“It opens a whole new av­enue of can­cer tar­gets, in­clud­ing al­low­ing us to pur­sue pa­tient pop­u­la­tions that to this point have been un­drug­gable,” Horn­by said, point­ing to MET and Myc. “That’s just a re­al­ly dif­fer­ent ap­proach than your typ­i­cal tar­get­ed ther­a­pies.”

But how they would do this is still cloudy.

Horn­by said the most promis­ing method was jam­ming the “en­zy­mat­ic ma­chin­ery” — the mol­e­c­u­lar tools and parts that al­low DNA to repli­cate and code pro­teins — as their re­search has shown the ma­chin­ery is slight­ly dif­fer­ent in ecD­NA than typ­i­cal DNA. An­oth­er method they’re ex­plor­ing is to in­hib­it the meta­bol­ic path­ways ecD­NA can use to ful­fill the de­mands caused by its high repli­ca­tion rate; in oth­er words, grow­ing DNA that are hun­gry and de­priv­ing them of food could neu­tral­ize them.

Among the most no­table things about Bound­less’ po­ten­tial ther­a­pies is that they may be ap­proved for tu­mor type, rather than can­cer type, i.e. like the new drug from Horn­by’s old com­pa­ny Igny­ta, it could treat a wide range of can­cers if the pa­tient showed ecD­NA was am­pli­fy­ing in the tu­mor.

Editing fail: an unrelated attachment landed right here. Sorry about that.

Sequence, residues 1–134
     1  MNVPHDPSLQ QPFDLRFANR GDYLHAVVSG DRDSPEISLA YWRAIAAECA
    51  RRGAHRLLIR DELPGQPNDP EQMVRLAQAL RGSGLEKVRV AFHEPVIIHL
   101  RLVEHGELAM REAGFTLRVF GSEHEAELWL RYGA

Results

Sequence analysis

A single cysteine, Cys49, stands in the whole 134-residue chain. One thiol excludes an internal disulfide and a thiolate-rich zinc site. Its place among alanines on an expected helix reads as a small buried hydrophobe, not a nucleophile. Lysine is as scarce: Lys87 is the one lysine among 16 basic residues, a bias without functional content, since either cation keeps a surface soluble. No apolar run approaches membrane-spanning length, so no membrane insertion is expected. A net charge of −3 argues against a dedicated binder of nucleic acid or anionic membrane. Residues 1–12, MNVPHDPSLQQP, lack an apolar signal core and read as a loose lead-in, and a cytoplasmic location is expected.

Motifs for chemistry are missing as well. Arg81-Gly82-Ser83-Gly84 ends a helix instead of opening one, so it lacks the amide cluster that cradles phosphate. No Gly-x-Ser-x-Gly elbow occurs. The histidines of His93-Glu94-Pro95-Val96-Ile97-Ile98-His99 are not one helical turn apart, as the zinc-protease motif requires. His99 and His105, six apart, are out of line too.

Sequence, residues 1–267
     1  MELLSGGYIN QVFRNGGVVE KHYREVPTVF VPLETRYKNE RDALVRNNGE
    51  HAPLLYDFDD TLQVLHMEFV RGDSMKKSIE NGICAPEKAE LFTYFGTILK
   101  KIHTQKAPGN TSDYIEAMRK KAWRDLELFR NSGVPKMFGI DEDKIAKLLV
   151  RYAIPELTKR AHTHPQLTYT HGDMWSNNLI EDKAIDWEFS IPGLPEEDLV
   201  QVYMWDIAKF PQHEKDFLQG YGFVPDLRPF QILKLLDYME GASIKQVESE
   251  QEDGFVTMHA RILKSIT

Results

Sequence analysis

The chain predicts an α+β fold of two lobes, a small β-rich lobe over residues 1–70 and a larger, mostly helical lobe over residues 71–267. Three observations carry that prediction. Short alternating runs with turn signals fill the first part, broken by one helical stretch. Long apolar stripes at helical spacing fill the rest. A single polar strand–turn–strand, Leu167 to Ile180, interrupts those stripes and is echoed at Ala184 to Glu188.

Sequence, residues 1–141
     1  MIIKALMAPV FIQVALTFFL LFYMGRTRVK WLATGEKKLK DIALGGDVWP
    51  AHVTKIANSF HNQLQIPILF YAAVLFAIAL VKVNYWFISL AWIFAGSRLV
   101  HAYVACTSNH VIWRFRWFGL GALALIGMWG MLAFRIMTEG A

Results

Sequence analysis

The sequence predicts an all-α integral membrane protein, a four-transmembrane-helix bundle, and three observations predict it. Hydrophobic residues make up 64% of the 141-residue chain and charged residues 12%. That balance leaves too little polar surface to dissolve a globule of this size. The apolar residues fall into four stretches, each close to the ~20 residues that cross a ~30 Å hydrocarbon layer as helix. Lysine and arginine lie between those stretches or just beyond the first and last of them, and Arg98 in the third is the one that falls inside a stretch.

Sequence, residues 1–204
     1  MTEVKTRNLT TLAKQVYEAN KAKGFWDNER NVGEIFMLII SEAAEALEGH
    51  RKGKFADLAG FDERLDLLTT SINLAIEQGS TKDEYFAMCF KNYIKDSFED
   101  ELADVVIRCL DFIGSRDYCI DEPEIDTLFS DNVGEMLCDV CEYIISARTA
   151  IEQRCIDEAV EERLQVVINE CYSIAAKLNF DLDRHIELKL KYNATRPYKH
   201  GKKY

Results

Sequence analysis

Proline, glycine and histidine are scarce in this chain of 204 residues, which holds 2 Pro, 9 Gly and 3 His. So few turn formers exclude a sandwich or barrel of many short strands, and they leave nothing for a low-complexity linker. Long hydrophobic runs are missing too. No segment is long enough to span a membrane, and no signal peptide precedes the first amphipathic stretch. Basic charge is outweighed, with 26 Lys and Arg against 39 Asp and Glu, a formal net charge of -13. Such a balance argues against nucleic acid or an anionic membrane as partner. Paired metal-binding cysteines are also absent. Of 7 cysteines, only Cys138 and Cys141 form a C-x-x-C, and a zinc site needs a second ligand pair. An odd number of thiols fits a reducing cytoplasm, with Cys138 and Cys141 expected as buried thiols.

The com­pa­ny will al­so in­vest in re­search to dis­cov­er the un­der­ly­ing mech­a­nism giv­ing rise to ecD­NA.

Ugur Sahin, BioNTech CEO (Bernd von Jutrczenka/dpa via AP Images)

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In the past couple of years, something curious has happened: Pharma and VC dollars started gushing into neuroscience research.